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Enough is Enough: Austin on Knowing

In Savas L. Tsohatzidis (ed.), Interpreting J. L. Austin: Critical Essays. Oxford, UK: Cambridge University Press. pp. 186–205 (2017)

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  1. Cook Wilson on knowledge and forms of thinking.Simon Wimmer & Guy Longworth - 2022 - Synthese 200 (4):1-22.
    John Cook Wilson is an important predecessor of contemporary knowledge first epistemologists: among other parallels, he claimed that knowledge is indefinable. We reconstruct four arguments for this claim discernible in his work, three of which find no clear analogues in contemporary discussions of knowledge first epistemology. We pay special attention to Cook Wilson’s view of the relation between knowledge and forms of thinking (like belief). Claims of Cook Wilson’s that support the indefinability of knowledge include: that knowledge, unlike belief, straddles (...)
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  • John Cook Wilson on the indefinability of knowledge.Guy Longworth & Simon Wimmer - 2022 - European Journal of Philosophy 30 (4):1547–1564.
    Can knowledge be defined? We expound an argument of John Cook Wilson's that it cannot. Cook Wilson's argument connects knowing with having the power to inquire. We suggest that if he is right about that connection, then knowledge is, indeed, indefinable.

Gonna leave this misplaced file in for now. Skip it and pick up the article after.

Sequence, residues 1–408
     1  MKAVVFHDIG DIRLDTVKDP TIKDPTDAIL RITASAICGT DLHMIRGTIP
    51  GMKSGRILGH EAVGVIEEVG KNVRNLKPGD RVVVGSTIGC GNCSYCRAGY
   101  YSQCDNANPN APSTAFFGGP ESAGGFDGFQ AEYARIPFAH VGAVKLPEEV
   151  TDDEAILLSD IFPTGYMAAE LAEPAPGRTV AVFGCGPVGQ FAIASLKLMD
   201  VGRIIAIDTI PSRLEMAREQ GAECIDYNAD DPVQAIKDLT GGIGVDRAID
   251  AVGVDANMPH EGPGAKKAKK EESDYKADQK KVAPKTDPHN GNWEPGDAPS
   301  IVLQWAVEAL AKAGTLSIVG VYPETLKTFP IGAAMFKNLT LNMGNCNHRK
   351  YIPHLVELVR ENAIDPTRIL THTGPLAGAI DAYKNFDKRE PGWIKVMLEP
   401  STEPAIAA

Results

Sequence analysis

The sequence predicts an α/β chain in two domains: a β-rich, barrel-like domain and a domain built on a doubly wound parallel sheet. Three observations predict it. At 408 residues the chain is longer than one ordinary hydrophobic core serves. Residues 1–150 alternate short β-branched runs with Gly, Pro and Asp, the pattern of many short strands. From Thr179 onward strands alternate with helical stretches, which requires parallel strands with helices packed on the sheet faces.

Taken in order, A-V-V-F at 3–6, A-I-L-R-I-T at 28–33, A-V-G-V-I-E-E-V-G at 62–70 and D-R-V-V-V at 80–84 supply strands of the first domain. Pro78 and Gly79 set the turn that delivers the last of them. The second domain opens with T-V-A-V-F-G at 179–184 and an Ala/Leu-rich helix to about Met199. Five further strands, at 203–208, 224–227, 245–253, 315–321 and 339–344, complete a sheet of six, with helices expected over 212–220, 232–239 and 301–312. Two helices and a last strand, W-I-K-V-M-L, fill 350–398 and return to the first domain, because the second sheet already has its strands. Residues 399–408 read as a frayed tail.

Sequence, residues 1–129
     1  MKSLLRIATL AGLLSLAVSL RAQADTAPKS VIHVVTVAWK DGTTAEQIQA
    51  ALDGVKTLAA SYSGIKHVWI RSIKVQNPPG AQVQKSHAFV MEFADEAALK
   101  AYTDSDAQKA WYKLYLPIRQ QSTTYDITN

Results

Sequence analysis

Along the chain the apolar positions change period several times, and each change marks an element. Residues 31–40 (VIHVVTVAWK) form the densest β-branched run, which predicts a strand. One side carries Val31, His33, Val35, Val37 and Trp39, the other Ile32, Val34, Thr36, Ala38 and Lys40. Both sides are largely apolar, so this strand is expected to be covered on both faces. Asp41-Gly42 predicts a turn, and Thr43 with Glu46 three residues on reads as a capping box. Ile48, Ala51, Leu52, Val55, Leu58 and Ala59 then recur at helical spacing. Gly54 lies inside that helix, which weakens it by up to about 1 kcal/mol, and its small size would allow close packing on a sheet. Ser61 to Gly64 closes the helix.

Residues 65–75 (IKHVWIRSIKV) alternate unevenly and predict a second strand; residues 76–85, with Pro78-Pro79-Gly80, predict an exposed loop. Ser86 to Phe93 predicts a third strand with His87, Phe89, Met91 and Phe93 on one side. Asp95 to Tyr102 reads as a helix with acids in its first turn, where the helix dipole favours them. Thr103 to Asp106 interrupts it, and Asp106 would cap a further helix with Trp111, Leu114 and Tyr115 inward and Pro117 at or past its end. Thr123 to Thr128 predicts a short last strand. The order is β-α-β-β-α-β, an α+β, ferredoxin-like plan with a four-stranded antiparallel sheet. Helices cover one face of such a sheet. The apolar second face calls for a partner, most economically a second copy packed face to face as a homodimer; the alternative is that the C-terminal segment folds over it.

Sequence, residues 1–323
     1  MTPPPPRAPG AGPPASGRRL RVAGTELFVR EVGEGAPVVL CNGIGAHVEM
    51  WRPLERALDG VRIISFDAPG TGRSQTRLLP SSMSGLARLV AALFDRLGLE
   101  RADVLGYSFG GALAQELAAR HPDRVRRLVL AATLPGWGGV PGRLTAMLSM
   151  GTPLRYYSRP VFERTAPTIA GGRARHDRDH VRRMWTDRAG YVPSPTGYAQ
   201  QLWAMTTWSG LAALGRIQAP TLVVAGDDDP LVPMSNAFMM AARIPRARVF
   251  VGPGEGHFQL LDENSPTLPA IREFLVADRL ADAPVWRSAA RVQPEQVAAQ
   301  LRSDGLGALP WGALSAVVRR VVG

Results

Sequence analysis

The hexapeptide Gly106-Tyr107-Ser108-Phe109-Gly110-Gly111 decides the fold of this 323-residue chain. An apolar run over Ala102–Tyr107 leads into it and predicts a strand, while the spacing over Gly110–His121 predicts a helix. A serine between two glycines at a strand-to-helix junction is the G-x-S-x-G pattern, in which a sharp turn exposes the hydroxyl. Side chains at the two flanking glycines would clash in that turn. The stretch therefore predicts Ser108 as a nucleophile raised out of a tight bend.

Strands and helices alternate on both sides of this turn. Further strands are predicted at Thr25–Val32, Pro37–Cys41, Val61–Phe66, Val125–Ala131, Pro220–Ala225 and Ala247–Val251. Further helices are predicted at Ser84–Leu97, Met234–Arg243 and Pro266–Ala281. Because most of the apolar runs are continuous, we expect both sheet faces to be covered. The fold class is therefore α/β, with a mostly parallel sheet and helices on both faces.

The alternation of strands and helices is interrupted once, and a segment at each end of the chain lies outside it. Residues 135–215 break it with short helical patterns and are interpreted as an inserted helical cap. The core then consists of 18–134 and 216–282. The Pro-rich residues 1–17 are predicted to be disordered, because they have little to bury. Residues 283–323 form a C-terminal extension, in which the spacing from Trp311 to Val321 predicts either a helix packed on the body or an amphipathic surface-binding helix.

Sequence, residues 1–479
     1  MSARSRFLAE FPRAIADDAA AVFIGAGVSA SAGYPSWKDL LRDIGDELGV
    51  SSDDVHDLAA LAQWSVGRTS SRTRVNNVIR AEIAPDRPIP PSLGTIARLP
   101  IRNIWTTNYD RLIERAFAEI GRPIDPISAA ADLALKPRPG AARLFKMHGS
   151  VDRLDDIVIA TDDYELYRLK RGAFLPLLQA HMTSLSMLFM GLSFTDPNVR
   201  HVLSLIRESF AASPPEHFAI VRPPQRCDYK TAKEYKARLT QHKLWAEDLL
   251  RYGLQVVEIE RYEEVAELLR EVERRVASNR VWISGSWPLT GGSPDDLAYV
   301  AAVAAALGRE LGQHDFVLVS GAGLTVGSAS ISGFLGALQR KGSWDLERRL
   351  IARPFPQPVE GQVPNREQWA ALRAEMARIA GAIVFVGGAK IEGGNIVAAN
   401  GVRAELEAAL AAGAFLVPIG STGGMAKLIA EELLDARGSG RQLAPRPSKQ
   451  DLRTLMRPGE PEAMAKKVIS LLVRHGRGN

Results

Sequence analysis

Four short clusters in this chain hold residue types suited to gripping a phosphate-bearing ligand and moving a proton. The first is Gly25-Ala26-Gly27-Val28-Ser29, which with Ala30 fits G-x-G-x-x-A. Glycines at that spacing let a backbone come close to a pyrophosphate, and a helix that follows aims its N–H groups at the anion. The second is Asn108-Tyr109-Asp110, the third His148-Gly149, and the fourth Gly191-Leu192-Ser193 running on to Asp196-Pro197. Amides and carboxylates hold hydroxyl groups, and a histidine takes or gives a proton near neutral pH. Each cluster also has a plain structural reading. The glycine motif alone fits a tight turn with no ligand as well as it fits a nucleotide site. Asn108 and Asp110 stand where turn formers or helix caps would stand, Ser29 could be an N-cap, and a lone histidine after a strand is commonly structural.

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  • XII—The Distinction in Kind between Knowledge and Belief.Maria Rosa Antognazza - 2021 - Proceedings of the Aristotelian Society 120 (3):277-308.
    Drawing inspiration from a well-attested historical tradition, I propose an account of cognition according to which knowledge is not only prior to belief; it is also, and crucially, not a kind of belief. Believing, in turn, is not some sort of botched knowing, but a mental state fundamentally different from knowing, with its own distinctive and complementary role in our cognitive life. I conclude that the main battle-line in the history of epistemology is drawn between the affirmation of a natural (...)
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  • John cook Wilson.Mathieu Marion - 2010 - Stanford Encyclopedia of Philosophy.
    John Cook Wilson (1849–1915) was Wykeham Professor of Logic at New College, Oxford and the founder of ‘Oxford Realism’, a philosophical movement that flourished at Oxford during the first decades of the 20th century. Although trained as a classicist and a mathematician, his most important contribution was to the theory of knowledge, where he argued that knowledge is factive and not definable in terms of belief, and he criticized ‘hybrid’ and ‘externalist’ accounts. He also argued for direct realism in perception, (...)
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